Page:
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Planning early can help ensure that you have more control in receiving the type of care you want.
For most of us, it's unpleasant to envision a time when performing routine tasks may become difficult as the result of injury, illness or aging.
If the time comes when you need substantial assistance performing daily tasks, it's unlikely you will want cost to be the primary decision-making factor for your long-term care. Long-term care (LTC) services can be expensive.
Long-term care (LTC) includes a variety of services and supports to help meet personal care needs over an extended period of time. The services include help performing Activities of Daily Living (ADLs), such as: bathing, continence, using the toilet, transferring to/from a bed or chair, dressing and eating. LTC services are generally not covered under personal health insurance or Medicare because they're not intended to cure, improve or treat a specific medical condition. Medicaid may help individuals with income and assets below state requirements.1
Whether LTC services occur in a nursing home, assisted living facility or your own home, the costs can be a huge expense. The average stay in a nursing home is 835 days (2.3 years) and $183,700.2 The national median hourly rate for a home health aide is $20 and that can add up quickly.3
A variety of sources may be used when expenses do not qualify under Medicare or personal health insurance.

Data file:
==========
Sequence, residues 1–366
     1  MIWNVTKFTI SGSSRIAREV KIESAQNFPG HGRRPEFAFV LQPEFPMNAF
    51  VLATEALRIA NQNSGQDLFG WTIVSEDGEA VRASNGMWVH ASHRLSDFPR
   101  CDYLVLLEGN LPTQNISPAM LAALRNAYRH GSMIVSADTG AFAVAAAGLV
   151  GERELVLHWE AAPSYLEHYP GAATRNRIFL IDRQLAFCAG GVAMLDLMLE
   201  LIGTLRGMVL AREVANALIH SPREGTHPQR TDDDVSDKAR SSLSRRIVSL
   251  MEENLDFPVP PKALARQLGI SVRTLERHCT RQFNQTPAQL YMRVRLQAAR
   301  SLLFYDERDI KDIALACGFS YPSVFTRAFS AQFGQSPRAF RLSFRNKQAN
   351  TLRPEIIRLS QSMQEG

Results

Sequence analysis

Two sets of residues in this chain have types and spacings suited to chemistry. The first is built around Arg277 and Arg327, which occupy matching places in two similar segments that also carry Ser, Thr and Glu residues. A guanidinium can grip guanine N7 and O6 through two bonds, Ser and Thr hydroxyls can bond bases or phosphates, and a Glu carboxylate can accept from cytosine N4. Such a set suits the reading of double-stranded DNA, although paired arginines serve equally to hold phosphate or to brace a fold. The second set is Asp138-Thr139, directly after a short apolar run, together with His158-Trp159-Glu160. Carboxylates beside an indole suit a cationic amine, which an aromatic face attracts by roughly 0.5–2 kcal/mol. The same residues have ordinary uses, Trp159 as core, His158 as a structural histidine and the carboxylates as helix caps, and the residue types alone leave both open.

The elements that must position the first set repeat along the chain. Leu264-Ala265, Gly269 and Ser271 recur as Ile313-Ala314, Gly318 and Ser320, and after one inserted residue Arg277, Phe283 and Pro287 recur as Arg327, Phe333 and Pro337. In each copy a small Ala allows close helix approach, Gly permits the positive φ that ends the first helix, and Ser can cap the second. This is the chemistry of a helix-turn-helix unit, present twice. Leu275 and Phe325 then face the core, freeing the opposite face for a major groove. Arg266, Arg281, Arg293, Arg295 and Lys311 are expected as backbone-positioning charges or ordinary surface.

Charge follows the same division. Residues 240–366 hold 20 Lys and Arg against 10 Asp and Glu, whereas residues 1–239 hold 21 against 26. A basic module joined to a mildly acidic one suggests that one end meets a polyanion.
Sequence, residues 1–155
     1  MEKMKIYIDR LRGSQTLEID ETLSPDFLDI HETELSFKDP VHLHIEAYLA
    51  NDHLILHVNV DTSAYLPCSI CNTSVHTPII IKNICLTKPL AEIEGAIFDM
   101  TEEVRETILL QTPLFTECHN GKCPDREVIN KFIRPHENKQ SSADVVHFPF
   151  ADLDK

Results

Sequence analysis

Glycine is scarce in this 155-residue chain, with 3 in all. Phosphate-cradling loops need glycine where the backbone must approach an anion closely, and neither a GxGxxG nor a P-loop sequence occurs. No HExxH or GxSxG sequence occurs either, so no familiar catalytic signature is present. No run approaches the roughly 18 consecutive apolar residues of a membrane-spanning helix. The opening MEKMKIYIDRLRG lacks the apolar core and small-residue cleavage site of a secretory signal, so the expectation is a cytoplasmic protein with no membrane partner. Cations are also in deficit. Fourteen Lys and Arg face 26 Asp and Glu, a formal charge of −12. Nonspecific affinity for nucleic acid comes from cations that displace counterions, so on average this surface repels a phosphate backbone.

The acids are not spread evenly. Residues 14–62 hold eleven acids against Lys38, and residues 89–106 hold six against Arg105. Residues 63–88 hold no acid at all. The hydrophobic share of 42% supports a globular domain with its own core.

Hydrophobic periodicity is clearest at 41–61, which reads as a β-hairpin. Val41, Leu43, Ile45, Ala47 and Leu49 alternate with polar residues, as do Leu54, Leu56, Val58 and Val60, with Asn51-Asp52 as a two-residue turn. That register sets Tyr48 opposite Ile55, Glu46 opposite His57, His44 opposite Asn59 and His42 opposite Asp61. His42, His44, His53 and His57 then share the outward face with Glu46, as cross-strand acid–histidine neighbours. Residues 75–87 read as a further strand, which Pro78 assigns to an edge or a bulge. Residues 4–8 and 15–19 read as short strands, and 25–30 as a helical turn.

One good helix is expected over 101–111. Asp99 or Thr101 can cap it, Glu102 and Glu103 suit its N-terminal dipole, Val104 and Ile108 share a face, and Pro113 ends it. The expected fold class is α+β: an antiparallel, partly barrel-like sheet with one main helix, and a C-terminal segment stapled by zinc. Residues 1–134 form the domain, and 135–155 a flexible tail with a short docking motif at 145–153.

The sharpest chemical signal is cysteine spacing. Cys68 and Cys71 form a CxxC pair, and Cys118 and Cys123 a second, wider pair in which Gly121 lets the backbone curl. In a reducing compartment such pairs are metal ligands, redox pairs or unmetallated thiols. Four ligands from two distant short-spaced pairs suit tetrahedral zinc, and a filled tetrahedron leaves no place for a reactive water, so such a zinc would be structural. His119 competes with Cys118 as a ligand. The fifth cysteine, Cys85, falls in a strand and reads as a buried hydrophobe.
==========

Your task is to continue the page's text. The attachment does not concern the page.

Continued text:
There are many alternatives to consider when preparing for the possibility that you may need long-term care. Generally, beginning early has advantages. First, at younger ages, you are more likely to be healthy and qualify for various types of insurance. Second, starting early means you may be able to meet your goal with lower installment savings amounts or annual premiums.
You don't have to prepare for long-term care expenses alone. Our Financial Services Representatives can review a variety of solutions that may help you meet your goals.
1 For more information regarding benefits provided by Medicare or Medicaid (Medi-CAL in California) visit www.cms.hhs.gov. Medicaid guidelines vary by state. Contact your local Medicaid office for details.
2 National Nursing Home Survey 2014, National Center for Health Statistics.
3 Cost of Care Survey, Genworth, June 2015.